About Grey Whale Cove
Grey Whale Cove is on a stretch of coastline that I have shot many times between Santa Cruz and Pacifica. Along this stretch of coastline, there are cliffs, rock formations, beaches, and even a few lighthouses. I have driven up and down this stretch of highway many times looking for the best places to photograph. At some point I stumbled into this cove.
Of all the locations along the coast, why should you stop at this one? There are many reasons. This is a remote beach surrounded by cliffs and interesting, colorful vegetation. There are boulders on the beach that can serve as a center of interest. Here is a quick snapshot I took of the beach as I was leaving it, which shows the overall scene:
Whereas most beaches are just long stretches of sand, this one gives you a lot to work with.
You’ll definitely need a car to get there. If you are headed south along Route 1, it is located less than a mile after you exit the tunnel near the Devil’s Slide Trail. Here is the exact location:
The good news is that there is a small parking lot across the street from the beach. Many times along this highway, there is no place to park or stop (or the hours of the parking are restricted).
Once you park, you cross the street and follow the path. Keep going to the right and you will come to a large wooden staircase. It will take you down to the beach.
Time of Day
When should you go to Grey Whale Cove? Dawn and dusk are nearly always the best times for taking outdoor photos, so those are obvious choices. Both hold true in the case of this location.
Virtually all the photos I have taken at Grey Whale Cove were taken at dawn. It is a great time to go because the light is diffuse. Even after sunset, the cliffs behind you will block the sun for a while.
Sunset might be a better time to visit this beach though. Since it is on the west coast, you could catch a sunset. Of course, you will be facing the sun, so you never know. It is more of a hit or miss affair.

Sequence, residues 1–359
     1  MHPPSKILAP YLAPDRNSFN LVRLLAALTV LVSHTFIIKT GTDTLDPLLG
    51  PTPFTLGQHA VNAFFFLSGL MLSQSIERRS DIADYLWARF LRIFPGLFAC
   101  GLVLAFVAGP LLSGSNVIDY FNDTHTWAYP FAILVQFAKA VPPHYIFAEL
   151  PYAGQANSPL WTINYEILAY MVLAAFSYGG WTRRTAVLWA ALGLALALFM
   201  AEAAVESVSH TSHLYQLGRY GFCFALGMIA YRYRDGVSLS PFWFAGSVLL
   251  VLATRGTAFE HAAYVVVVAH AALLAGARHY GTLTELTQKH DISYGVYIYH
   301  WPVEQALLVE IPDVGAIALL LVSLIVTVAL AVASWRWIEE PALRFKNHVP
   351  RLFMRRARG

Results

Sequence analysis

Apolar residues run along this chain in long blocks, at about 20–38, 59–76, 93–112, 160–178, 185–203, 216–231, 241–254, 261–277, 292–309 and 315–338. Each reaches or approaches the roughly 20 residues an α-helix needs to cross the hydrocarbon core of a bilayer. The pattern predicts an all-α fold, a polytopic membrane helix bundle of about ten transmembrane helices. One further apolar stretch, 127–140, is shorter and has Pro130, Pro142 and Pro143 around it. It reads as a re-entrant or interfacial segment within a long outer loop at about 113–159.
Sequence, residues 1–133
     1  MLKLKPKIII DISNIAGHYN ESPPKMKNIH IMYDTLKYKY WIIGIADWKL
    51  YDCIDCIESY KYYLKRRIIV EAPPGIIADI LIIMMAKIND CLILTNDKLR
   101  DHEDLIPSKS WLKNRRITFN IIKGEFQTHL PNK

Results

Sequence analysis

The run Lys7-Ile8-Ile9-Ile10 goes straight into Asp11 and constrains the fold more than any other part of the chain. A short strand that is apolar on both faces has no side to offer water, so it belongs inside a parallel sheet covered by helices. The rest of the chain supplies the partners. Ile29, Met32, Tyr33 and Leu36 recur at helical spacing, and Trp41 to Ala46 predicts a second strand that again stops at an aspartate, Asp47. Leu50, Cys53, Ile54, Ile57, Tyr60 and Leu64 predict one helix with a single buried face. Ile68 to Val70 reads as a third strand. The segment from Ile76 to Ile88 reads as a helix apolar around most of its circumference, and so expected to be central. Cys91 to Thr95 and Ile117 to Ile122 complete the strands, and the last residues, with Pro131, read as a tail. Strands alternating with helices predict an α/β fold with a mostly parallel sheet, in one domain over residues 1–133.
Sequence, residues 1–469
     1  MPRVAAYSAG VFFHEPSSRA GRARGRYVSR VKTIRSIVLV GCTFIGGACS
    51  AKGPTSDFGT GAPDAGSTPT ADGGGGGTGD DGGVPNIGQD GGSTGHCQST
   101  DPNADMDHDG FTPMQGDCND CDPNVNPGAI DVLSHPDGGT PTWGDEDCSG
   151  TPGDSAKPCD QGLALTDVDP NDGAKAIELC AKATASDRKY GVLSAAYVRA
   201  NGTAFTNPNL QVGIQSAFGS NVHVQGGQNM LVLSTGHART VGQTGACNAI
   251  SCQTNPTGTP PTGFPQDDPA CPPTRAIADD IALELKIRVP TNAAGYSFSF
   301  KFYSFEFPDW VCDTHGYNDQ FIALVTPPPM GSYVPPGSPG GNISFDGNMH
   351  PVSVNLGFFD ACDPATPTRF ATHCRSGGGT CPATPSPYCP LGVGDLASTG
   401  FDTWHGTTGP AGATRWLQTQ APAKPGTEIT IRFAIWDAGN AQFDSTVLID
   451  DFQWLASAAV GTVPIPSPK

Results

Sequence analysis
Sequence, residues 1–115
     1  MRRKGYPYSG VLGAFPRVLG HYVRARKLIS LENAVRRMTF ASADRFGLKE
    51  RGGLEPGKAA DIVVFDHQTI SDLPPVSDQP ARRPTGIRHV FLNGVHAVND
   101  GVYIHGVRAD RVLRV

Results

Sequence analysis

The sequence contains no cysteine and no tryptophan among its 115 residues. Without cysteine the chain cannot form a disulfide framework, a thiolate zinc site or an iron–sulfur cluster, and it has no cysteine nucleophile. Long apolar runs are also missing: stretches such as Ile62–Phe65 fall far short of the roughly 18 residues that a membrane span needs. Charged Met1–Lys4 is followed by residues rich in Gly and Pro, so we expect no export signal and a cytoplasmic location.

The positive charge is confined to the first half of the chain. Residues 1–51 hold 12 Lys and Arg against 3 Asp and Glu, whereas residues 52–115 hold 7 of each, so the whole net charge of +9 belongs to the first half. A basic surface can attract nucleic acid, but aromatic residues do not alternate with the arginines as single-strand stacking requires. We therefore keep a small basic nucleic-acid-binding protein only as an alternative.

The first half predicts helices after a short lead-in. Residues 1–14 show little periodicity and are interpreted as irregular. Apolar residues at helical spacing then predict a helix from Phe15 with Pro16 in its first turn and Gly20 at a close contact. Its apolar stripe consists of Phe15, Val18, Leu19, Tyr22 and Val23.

What to Bring With You
One filter assumes great importance whenever you are photographing along a coastline, and that is the graduated neutral density filter. This is necessary because the sky is nearly always much brighter than the foreground. These filters work great on beaches because you often have a straight horizon line. Therefore, I really recommend you make sure you buy one and bring it with you anytime you are shooting a coastline or a beach.
In addition, I recommend you bring neutral density filters. When you are on the coast, it is very important that you be able to slow down your shutter speed. More about this below.
Other than that, you’ll just need the usual stuff: camera, tripod, remote shutter release.
Once you get there with your gear, it is time to set up a shot. The trickiest part of photography on a beach is usually the foreground. If you are out shooting on a beach, odds are you have an interesting background of ocean and sky. Grey Whale Cove is no exception since you have the ocean, cliffs, and/or the sky to work with. However, for the most part the foreground is just a bunch of sand.
There are various ways you can find an interesting foreground. Using the waves sometimes works well. You can also find patterns in the sand, reflections that result in the sand after a wave hits, or other interesting items laying in the sand. Often I use boulders as well.
Spend a lot of your time thinking about the foreground. The background is beautiful here, so that part is easy.